On a U Chicago mailing…

On a U Chicago mailing list I'm on, someone asked recently about when we'd all started kindergarten, and what we were doing with our kids. Jumping them forward? Holding them back? This is apparently a hot topic in the parenting community, especially among geeky parents, who tend to assume (perhaps wrongly) that their kids will be bright and possibly quite bored in school. Which can lead to serious behavior problems, starting to hate school, etc. and so on. None of which we want for our kids, of course.

My birthday is July 26th; I started kindergarten at 5, on schedule, and didn't skip at all. No pre-school. My mom tells me that she'd taught me how to read at home by age 3. I was vaguely bored for most of grammar school (Catholic), but the nuns generally let me grab a book off the shelf whenever I was done with my work, and that kept me occupied enough. It probably helped that I was a relatively quiet type back then. When I came home from school, I either went outside to play, often alone, or went up to my room to read, and was pretty content either way.

Kavi has a May birthday, so will be a little young for her class; Anand has a September one, which I think means he'll just miss the cut-off, and will be quite old for his class. They're almost 4 and 1.5 now, so these decisions aren't quite with us yet, but coming.

I suspect we're just going to go along with the standard schedule, though. Everything I've read suggests that trying to game the system by holding them back or pushing them forward has unpredictable results -- maybe helpful, maybe not, and impossible to tell in advance. If they end up being so bored that they have behavior problems, then we'll have to revisit this, of course.

I just hope the teachers let them read when they're bored. We moved to Oak Park for the excellent public schools -- hopefully they're as good as everyone says they are. And while we're not planning to do any kind of formal homeschooling, we certainly teach them things at home already, and will likely continue to do so. Kev and I work at home so much; the kids are going to get plenty of face time with their professor parents. Which may just make the problem worse, if they're far ahead of their peers at school. But I gather that there's an unusually high concentration of parents holding advanced degrees in Oak Park; maybe that will translate to a reasonable cohort of bright kids for them to hang with at school.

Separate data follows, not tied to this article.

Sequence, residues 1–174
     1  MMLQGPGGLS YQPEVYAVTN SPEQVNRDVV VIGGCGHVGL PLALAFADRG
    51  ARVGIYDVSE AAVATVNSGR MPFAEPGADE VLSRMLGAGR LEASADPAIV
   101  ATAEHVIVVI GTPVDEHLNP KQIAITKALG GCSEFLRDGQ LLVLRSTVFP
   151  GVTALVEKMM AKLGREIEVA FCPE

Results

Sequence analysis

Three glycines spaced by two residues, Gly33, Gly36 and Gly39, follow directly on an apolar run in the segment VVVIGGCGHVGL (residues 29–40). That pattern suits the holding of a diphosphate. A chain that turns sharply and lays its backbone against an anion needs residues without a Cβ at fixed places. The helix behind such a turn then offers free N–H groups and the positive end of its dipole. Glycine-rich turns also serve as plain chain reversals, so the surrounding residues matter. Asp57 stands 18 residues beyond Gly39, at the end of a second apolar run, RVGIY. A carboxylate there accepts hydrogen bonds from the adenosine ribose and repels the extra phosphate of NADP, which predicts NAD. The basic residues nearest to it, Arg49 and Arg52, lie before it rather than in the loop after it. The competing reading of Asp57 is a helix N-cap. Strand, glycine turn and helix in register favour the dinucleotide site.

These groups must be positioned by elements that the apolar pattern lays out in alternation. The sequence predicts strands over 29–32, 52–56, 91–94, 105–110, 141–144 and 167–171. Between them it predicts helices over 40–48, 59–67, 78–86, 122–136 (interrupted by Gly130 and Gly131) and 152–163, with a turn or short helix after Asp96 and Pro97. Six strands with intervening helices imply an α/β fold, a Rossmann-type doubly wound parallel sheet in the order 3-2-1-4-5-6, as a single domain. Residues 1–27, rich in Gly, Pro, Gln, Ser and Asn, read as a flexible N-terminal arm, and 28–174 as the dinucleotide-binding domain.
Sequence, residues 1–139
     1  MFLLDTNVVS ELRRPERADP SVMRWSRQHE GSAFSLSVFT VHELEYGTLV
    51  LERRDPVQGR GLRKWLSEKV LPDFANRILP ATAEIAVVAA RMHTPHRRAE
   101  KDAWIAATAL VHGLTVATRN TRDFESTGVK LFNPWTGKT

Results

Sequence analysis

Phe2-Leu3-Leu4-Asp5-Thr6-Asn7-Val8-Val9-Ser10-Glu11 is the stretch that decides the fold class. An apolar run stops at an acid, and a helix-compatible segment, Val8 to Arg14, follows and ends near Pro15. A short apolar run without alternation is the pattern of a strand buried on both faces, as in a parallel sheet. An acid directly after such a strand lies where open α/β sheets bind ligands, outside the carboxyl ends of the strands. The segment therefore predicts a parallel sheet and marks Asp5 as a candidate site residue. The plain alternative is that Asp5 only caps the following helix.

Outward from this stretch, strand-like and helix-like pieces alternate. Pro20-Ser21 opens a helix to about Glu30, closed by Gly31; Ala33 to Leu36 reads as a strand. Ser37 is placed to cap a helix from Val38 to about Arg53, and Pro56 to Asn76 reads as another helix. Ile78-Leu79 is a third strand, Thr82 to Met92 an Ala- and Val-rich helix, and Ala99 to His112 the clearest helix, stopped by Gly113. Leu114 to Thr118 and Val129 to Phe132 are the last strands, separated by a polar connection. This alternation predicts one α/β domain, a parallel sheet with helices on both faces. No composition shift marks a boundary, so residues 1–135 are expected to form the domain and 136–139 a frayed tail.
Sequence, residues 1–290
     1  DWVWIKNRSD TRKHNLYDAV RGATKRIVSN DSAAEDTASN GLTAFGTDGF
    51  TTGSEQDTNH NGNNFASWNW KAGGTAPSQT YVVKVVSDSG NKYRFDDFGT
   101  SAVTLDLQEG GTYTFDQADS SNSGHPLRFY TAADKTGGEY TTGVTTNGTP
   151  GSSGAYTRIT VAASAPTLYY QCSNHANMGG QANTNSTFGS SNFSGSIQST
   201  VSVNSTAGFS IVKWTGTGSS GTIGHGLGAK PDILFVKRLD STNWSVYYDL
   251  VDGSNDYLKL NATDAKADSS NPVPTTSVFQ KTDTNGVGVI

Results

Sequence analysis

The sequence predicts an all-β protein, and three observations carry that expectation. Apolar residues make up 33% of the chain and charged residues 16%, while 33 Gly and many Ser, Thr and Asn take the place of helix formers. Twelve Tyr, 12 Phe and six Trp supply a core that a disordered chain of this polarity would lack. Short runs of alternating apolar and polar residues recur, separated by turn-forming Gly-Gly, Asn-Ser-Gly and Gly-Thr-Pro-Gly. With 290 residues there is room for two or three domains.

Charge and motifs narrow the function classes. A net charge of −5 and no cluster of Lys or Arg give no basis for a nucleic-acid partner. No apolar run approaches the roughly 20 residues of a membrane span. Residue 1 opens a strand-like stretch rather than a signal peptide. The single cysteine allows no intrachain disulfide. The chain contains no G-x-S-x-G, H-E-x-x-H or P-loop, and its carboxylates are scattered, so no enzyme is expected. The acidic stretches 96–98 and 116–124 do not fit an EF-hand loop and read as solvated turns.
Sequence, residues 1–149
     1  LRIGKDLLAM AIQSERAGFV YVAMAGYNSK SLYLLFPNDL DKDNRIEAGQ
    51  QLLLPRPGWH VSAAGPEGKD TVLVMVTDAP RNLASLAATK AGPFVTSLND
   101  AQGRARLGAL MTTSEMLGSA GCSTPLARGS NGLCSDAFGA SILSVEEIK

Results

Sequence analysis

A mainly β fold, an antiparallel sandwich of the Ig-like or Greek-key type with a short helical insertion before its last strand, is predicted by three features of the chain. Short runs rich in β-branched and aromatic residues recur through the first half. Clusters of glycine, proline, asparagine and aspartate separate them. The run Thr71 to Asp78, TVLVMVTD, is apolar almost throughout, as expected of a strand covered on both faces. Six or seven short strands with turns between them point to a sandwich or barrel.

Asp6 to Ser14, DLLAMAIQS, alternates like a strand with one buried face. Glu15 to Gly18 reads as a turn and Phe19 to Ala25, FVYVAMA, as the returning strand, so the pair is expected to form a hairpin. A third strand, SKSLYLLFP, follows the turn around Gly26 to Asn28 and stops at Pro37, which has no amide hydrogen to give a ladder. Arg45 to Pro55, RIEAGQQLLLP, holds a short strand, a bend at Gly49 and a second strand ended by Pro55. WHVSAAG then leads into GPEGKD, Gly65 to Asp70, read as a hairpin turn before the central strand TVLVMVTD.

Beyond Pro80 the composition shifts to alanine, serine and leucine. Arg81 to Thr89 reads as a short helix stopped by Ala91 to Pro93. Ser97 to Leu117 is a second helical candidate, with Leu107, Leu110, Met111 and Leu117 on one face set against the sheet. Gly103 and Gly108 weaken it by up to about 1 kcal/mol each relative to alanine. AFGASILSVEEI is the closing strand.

I don't really think it takes that much for a bright kid to be happy at school -- a few good friends, an understanding and flexible teacher. It doesn't seem too much to hope for.

Of course, they're still so young, we don't even know if they're going to be bright at all! So we may have nothing to worry about. :-)

5 thoughts on “On a U Chicago mailing…”

  1. We went through the same questions a few years ago–Megan is a September baby and also an advanced reader. Ultimately, we decided to follow the school district schedule, mainly because it’s a costly and time-consuming process to put your kid into Kg early, and if a teacher later suggested that they skip a grade, that doesn’t cost you anything. Plus, the OP schools each have a teacher who works with the gifted kids (for now–vote yes on the referendum!).

    OP has a higher percentage of gifted kids than the general population (15-20% VS 5-10%) so for the most part, there’s a decent amount of support for these kids. As for the regular classroom teachers, they can be hit-or-miss–Megan’s Kg teacher last year was awesome, but her 1st grade teacher can’t accept that any children would be bored in her class. So you may have to advocate a little harder for your kids at some times, but I suppose that’s true with almost every kid for one reason or another.

  2. Julie, this is so helpful to read — thanks!!! Interesting about the higher percentage of gifted kids; I’m not too surprised, but I hadn’t realized it was such a large discrepancy from the norm.

    I am not particularly good at beating up teachers, but I suppose I can learn. 🙂

  3. The public schools did not have kindergarten when I was a child. We began in first grade. So, I have never thought kindergarten terribly important. Apparently it is for some children, however. I managed to do my own grade skipping, eventually, finishing high school and undergrad school in three years each. I would gladly have skipped a grade or two, but finishing my B. A. at age 20 and Ph. D. at 24 was probably sufficient.

  4. Most of the parents I know are more worried about the age thing from a social standpoint, i.e., is my nine-months-younger-than-her-class child going to be emotionally ready for this, and at the same social skills and interaction levels of her older classmates?

    My brother says that he sees some parents debating whether or not to start their kid a year late in order to reap the athletic benefits. You know, your older kid will be more coordinated/bigger/better at sports than the younger kids in his class, which will be to his advantage if he seriously participates in competitive sports.

    My daughter is right on the border in terms of birthday and would be able to go either way. I would not put her in the later class for athletic reasons, but if it turned out she needed some time to develop more socially, I’d strongly consider it. She’s not quite two, so plenty of time to wait and see!

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